Good Tweet, Bad Tweet

A couple weeks ago, my parents and grandparents stumbled their way from Los Angeles to the District. Somewhere in between getting lost on the wrong side of the Key Bridge and chowing down at some of DC’s finest, I got stuck on a topic that I never talk about–social media.

Techies aren’t just born, they are bred.

I filled the 8 days I shared with my family with talk of tweets and pins, teaching them how to check-in on Facebook and explaining Twitter and Pinterest. The result? I was tagged into every restaurant we went to 3 times, and my grandpa (@MillenniumMayor) has been spam tweeting Karl Rove, Glenn Beck, Martha Maccallum, and Sarah Palin.

It’s not surprising when social media noobs like my family ask how to do Twitter the right way. I hesitate to say that there is a right or wrong way to tweet, but there are definitely better, more effective ways. Have I lost you?

Don’t fret–I have a perfect DC meets LA way to explain!


Bad Tweet

Earlier today, the US Embassy in Brussels tweeted:

The tweet references the Center for Strategic and International Studies (CSIS) which had an event on the topic of women and counterterrorism (#WomenAndCT) yesterday afternoon. It’s a well-done tweet, with the exception of using the wrong handle for CSIS. On the other hand, CSIS does a terrible job with their response:

I have a ton of respect for (and would love to work for) the Center for Strategic and International Studies, but this tweet is simply bad form. CSIS has forwarded a modified tweet from the US Embassy in Brussels that looks like it was written by Justin Bieber after he raided his parent’s liquor cabinet. Why did they shorten keywords like instrument and expert and remove the space between 4 and peace, but leave important and according complete? This tweet could have read:

MT‏ @usembbrussels #Women are important weapon against terror & instrument 4 peace say experts @CSIS http://bit.ly/HXg9jG #terrorism #Verveer

Is this better? What do you think?

Good Tweet

If you are scoffing at seeing my own face listed under the title of good tweet, fear not. My vanity has not yet taken over.
Earlier this week, I had an exchange on Twitter which I think demonstrates best practices for political and advocacy Twitter usage. As an extra bonus, it also includes one of my favorite topics, Kim Kardashian!

Kim Kardashian took headlines by storm this week when she said on her reality show that she might consider running for Mayor of Glendale someday. The city of Glendale, sometimes referred to as “Little Armenia” by locals, is very close to where I grew up–in the same congressional district, in fact. Congressman Adam Schiff represents the district, and so I thought I’d poke a little fun at him and the situation.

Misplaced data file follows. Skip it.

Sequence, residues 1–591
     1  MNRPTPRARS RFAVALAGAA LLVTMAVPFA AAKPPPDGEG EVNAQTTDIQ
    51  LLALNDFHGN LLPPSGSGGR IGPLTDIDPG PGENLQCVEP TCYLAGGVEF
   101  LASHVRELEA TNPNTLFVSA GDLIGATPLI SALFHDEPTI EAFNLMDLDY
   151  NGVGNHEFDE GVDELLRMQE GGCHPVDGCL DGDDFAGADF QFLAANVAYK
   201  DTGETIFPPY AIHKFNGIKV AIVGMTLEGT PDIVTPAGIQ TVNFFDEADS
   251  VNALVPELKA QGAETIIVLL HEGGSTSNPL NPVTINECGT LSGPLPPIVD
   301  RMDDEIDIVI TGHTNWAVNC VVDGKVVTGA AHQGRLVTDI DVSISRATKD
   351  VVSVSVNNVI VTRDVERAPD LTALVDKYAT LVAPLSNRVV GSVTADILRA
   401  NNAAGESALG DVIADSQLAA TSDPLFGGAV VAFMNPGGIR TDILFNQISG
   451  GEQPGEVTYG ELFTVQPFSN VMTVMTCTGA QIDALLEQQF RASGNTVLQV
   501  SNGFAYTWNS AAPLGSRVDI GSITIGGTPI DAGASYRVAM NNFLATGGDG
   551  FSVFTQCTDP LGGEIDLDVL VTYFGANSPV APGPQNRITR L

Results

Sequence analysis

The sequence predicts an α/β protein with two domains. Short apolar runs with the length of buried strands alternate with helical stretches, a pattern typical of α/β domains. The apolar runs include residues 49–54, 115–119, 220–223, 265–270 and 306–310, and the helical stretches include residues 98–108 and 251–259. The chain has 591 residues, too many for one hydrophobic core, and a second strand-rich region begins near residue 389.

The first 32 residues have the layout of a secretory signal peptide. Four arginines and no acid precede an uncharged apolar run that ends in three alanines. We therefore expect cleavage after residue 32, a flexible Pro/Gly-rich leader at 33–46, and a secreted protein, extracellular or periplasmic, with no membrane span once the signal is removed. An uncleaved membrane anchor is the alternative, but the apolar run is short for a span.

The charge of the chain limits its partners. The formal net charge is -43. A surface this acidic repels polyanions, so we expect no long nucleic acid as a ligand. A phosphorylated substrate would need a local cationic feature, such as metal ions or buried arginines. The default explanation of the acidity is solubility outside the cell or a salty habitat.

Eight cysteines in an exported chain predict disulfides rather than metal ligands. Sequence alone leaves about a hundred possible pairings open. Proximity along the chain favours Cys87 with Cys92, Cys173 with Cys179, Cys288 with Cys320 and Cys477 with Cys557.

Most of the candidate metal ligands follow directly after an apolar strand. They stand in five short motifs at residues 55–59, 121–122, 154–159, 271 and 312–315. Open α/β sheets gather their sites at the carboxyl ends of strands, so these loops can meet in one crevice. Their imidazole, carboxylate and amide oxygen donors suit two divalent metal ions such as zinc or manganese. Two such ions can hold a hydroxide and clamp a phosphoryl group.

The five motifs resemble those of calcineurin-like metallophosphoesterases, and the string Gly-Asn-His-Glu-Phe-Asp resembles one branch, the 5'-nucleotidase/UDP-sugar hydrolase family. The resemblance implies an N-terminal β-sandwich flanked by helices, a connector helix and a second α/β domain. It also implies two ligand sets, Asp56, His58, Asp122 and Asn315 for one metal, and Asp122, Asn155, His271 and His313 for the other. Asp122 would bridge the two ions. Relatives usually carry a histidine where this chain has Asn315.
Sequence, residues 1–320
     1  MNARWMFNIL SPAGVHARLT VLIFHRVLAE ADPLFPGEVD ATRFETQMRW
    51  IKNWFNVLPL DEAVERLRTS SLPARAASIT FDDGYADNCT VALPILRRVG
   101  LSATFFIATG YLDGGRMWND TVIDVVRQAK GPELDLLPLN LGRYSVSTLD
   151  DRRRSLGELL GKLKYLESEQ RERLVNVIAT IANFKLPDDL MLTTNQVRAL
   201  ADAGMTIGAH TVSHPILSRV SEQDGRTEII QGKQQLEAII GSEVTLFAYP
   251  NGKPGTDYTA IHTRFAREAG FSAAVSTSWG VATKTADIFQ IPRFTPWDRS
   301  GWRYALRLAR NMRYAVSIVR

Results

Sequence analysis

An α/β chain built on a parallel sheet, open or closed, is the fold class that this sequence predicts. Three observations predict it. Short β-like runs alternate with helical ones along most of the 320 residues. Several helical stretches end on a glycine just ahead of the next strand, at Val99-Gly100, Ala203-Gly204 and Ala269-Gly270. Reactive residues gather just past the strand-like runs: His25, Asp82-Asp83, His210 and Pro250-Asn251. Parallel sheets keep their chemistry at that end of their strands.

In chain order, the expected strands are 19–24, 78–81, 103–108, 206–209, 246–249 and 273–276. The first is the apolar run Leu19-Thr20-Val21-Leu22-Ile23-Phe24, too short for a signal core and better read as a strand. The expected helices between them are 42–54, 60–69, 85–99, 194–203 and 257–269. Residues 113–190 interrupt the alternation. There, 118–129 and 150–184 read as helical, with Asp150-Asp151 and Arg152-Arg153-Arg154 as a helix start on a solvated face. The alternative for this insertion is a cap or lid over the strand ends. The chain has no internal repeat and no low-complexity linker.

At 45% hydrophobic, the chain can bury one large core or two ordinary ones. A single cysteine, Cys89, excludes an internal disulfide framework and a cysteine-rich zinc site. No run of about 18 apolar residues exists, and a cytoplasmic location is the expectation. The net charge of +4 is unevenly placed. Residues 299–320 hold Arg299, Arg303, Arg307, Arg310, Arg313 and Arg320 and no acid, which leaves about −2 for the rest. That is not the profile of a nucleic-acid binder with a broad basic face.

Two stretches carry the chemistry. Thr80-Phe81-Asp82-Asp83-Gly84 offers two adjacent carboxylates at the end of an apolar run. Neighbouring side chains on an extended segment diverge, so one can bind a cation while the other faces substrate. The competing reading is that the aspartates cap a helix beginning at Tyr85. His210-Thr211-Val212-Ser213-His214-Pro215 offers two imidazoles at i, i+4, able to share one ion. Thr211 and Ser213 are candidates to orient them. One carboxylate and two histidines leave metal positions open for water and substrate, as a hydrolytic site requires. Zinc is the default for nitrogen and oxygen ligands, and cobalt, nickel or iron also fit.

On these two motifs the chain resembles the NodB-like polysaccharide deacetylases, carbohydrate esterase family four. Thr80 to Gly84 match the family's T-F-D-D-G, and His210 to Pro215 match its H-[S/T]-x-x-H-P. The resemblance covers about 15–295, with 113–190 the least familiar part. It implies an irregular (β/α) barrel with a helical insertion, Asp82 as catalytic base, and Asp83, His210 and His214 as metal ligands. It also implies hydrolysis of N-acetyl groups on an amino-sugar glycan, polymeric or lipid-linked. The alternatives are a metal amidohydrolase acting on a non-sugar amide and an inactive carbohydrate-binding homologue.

I never expected a response, and yet within 24 hours:

What can politicians take away from this tweet? The response (1) demonstrated that he was actually listening and engaging rather than just broadcasting, (2) took the opportunity to share one of his positions that his constituents feel strongly about (Armenian Genocide), and (3) it felt personal and real, not stiff or like a form letter. These are the kind of interactions that politicians should be aiming for to maximize the impact of their online discussions.

But the conversation didn’t end there. No, Kim Kardashian didn’t chime in. @CharaGG, however, did:

The link posted goes to an indiegogo website that asks people to donate to her documentary project that deals with Armenian genocide. My guess is that she either follows Rep. Schiff due to his strong support of Armenian Genocide recognition, or she searched for Armenian genocide on Twitter and inserted herself into relevant conversations. In doing so, she tapped into a conversation that was already occurring online with people who care about a topic. This is good social networking. This is digital engagement.

Until next time.

A toast, “To Mayor Kardashian, may the stress of politics not make her want to pull her own extensions out.”

“The people drawn to Twitter are people on the cutting edge, the real nerds who are resentful of the fact that the general population have found and taken over Facebook”

~Steve Dotto, host of Dotto Tech

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I Put the Social in Social Media

imgresThey say the first step is admitting you have a problem.

I wrote a blog about QR codes, my Thanksgiving had a hashtag, and I sleep with my iPhone under my pillow — My name is Liane and I’m a technoholic.

When I sat down to write today, I intended this blog to be a defense of the social aspect of social media. Then, I remembered the cardinal rule of writing: know your audience. If you are reading this BLOG, chances are you’re pretty okay with social media as you probably got here via Twitter, Facebook, or e-mail. A defense of social media belongs in a newspaper….and that newspaper belongs in a museum where other old, historic things go to be forgotten.

Instead, I’m going to invite you to share in the joy that is Social Media Week DC!